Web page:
3 ways DHS is helping states with election security

Bing Wen/ 

A hacked voting machine on display at the DefCon conference in Las Vegas, July 2017. (Photo credit Bing Wen/

A Department of Homeland Security official said the federal government is substantially more prepared to deal with a nation-state attack on election systems today than it was in the lead-up to the 2016 election.

In a Jan. 10 speech to the Election Assistance Commission in Washington D.C., Bob Kolasky, acting deputy under secretary for the National Protection and Programs Directorate, said the department has worked to expand its communication and outreach to state and local governments, which are primarily responsible for administering elections.

"The Department of Homeland Security is in a much better position to work with our interagency partners and the election community to respond to any lingering threats that emerge going forward," he said.

Kolasky said DHS has focused on improving election security assistance to states and localities in three key areas: establishing sound working partnerships with state and local governments, boosting information sharing through a mix of declassification and increased security clearances and dedicating more departmental resources to critical federal election security resources that states rely on.

He likened 2016 efforts to coordinate with states on malicious cyber activity to building relationships "in the middle of a hurricane" as officials attempted to communicate with intelligence agencies, process classified information, establish relationships with states and provide them tools or expertise all at the same time.

Since then, the department has worked to establish a pair of councils to ensure better coordination between every organization involved in the election system. The first consists of federal, state and local government election officials. The second council, still pending, will be designed to engage the private sector, namely voting machine manufacturers and software providers.

"A lot of state and local officials buy from the same groups of people," Kolasky said. "We want to make sure there is an ability for us collectively to have conversations with vendors about security challenges."

The department is also looking to boost information sharing between the federal government and state and local election offices. DHS came under criticism from some states during the 2016 election for subpar information sharing.

Earlier during the summit, Kim Wyman, secretary of state for Washington, recounted the frustration she felt in 2016 when the department briefed states on an assessment that found Russian hackers had scanned election systems in 21 states, but declined to specify which states had been targeted.

"I mention this not to throw [DHS] under the bus because they're wonderful, it's just they're not used to operating in this world of transparency like we do," said Wyman.

Kolasky didn't mince words when discussing the department's need to improve the threat intelligence it shares with state and local governments. The department said it is working on sponsoring and encouraging election officials in all 50 states to apply for security clearances and will push intelligence agencies to be more aggressive about declassifying information that can be used by state and local election officials.

"We have improved on that, we will improve on that going forward," he said. "We will always prioritize getting security information out to the people who make security decisions."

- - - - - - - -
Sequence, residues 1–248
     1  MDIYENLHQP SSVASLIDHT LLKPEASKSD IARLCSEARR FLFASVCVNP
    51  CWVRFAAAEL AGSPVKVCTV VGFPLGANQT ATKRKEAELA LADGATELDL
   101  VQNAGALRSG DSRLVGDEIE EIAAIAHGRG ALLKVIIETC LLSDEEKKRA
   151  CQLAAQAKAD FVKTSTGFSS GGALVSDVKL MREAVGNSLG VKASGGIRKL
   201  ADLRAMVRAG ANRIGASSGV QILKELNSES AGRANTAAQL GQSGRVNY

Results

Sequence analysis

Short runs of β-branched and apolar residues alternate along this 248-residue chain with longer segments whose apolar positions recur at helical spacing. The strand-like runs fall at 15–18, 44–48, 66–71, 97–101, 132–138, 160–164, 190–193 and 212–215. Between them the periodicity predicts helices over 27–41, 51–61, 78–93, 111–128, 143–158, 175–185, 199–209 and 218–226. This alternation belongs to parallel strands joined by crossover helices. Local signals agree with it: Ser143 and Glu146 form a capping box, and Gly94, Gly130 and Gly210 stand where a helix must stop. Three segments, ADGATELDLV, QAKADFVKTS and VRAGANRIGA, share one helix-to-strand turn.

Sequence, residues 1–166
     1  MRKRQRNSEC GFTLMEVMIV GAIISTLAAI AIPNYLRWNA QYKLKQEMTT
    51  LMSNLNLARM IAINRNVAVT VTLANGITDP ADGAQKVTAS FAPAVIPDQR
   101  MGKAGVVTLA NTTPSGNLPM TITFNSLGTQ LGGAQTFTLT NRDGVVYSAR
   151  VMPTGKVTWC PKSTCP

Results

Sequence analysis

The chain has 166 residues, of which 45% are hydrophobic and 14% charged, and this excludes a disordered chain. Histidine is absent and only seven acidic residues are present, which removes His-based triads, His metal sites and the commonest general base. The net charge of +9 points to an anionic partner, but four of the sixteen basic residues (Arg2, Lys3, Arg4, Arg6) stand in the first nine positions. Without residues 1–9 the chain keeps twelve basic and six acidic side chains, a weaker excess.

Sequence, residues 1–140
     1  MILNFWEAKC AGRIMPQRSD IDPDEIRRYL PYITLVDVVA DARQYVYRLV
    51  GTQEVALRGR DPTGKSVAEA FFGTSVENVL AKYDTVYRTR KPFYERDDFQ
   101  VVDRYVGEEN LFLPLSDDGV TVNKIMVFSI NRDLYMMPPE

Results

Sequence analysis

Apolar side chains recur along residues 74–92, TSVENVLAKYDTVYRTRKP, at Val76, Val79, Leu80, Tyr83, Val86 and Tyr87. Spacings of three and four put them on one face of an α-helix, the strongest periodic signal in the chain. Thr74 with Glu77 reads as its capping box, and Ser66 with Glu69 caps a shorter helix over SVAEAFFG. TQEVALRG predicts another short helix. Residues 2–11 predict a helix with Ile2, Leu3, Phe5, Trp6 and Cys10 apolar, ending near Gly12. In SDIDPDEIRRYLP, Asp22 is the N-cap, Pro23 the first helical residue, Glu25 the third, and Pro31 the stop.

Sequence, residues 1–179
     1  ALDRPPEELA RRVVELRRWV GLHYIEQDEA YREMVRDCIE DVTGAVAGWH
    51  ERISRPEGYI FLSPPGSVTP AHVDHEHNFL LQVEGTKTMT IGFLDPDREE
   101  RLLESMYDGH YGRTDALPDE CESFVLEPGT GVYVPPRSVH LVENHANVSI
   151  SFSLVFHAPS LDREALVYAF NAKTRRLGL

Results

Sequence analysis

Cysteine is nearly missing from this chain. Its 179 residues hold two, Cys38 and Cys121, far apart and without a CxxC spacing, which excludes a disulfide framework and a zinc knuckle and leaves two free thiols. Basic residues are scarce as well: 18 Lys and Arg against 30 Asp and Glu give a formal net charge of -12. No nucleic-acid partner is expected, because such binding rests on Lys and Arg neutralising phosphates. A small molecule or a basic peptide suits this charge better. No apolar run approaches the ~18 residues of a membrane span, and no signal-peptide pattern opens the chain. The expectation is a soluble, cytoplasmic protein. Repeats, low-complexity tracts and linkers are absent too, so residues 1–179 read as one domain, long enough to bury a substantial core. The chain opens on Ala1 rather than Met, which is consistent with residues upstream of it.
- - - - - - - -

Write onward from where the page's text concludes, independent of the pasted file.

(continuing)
Finally, Kolasky said DHS has dedicated more departmental resources to programs and tools designed to assist states. He mentioned one of the most popular tools: risk and vulnerability assessments that involve deploying federal cyber experts to work with states, gain familiarity with their systems and make key security recommendations.

The department has experienced a backlog of states requesting the service, so many that it would have prevented DHS from providing assistance to some states until weeks before the mid-term elections. Kolasky said the department has responded to those concerns by undergoing a "significant shift in resources," dedicating more personnel to the program. The department now expects to assist all 14 states with pending requests by April 2018.

"We want the rest of the states to sign up, and if they do, we believe we'll be able to do those on-site assessments before the mid-term elections," he said.

About the Author

Derek B. Johnson is a senior staff writer at FCW, covering governmentwide IT policy, cybersecurity and a range of other federal technology issues.

Prior to joining FCW, Johnson was a freelance technology journalist. His work has appeared in The Washington Post, GoodCall News, Foreign Policy Journal, Washington Technology, Elevation DC, Connection Newspapers and The Maryland Gazette.

Johnson has a Bachelor's degree in journalism from Hofstra University and a Master's degree in public policy from George Mason University. He can be contacted at [email protected], or follow him on Twitter @derekdoestech.

Click here for previous articles by Johnson.


  • People
    Federal CIO Suzette Kent

    Federal CIO Kent to exit in July

    During her tenure, Suzette Kent pushed on policies including Trusted Internet Connection, identity management and the creation of the Chief Data Officers Council

  • Defense
    Essye Miller, Director at Defense Information Management, speaks during the Breaking the Gender Barrier panel at the Air Space, Cyber Conference in National Harbor, Md., Sept. 19, 2017. (U.S. Air Force photo/Staff Sgt. Chad Trujillo)

    Essye Miller: The exit interview

    Essye Miller, DOD's outgoing principal deputy CIO, talks about COVID, the state of the tech workforce and the hard conversations DOD has to have to prepare personnel for the future.

Stay Connected


Sign up for our newsletter.

I agree to this site's Privacy Policy.